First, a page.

The second hypothesis is more proportion of people comes in as immigrants – the more random the channels become. The simple example of section A and B can be used to explain this one. The section A has 20 students and section B has 100 students. If we choose top 10 from section A and top 10 from section B, we are providing a proportion bias to section B. If the student performance is distributed by a Gaussian curve (assuming meritocracy inside each section) then section B students will have an advantage if we look at their average scores – even if the average of whole class might be the same. Let me call this one proportion bias.

Let’s look at a couple of pictures.

UK Citizenship for people born in India, Pakistan and Bangladesh (2004-2011)

Settlement in UK - Indian, Pakistani and Bangladeshi Nationals (2009-2011)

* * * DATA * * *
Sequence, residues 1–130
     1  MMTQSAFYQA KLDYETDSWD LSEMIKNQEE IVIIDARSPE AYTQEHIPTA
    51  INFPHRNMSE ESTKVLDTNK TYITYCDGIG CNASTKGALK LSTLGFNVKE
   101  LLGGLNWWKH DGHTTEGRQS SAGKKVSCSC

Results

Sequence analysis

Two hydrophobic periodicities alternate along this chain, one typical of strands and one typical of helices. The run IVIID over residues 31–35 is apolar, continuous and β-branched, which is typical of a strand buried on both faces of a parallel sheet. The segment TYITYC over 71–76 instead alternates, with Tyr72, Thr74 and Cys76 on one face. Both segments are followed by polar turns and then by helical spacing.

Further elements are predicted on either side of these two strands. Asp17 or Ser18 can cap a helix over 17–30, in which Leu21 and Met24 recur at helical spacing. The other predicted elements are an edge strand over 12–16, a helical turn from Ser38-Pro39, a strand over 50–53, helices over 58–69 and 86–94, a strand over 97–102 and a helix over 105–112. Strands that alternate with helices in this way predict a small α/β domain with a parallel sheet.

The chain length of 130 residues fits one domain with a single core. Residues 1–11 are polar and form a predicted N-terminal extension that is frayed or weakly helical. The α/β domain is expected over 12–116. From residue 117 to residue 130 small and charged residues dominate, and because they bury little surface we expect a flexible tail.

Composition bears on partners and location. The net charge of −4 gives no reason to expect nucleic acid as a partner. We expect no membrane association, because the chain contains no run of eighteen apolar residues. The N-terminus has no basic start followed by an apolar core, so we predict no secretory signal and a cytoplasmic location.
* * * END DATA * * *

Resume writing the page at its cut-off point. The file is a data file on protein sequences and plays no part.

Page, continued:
Settlement in UK – Indian, Pakistani and Bangladeshi Nationals (2009-2011)

Now the USA residency distribution.

USA immigration for people born in India, Bangladesh and Pakistan (2010)

USA immigration for people born in India, Bangladesh and Pakistan (2010)

So, a couple of observation –

1) Indians get a selection bias advantage in both in USA and UK. In UK, both Pakistan and Bangladesh have almost same selection bias. In USA, Pakistan has a better selection bias than Bangladesh.

2) Indians enjoy a vast proportion bias. India, Pakistan and Bangladesh population are in proportion of 8:1:1 but the number of immigrants in UK is close to 10:8:3. In USA the proportion is a bit better – 11:3:2.5.

Now coming back to the topic, Indians abroad do well because they use meritocratic channels and get a proportion bias. The use of meritocratic channels is prevalent among Indians because of the large presence of MNCs in India. Microsoft in UK or USA will be more comfortable to hire another employee working for the same company in India. However, the similar opportunity is non-existent in either of Pakistan or Bangladesh. So, the success of immigrants has almost nothing to do with the average performance of the home country (though India produces more % tertiary educated people than either of Pakistan or Bangladesh), but with the channels used in immigration.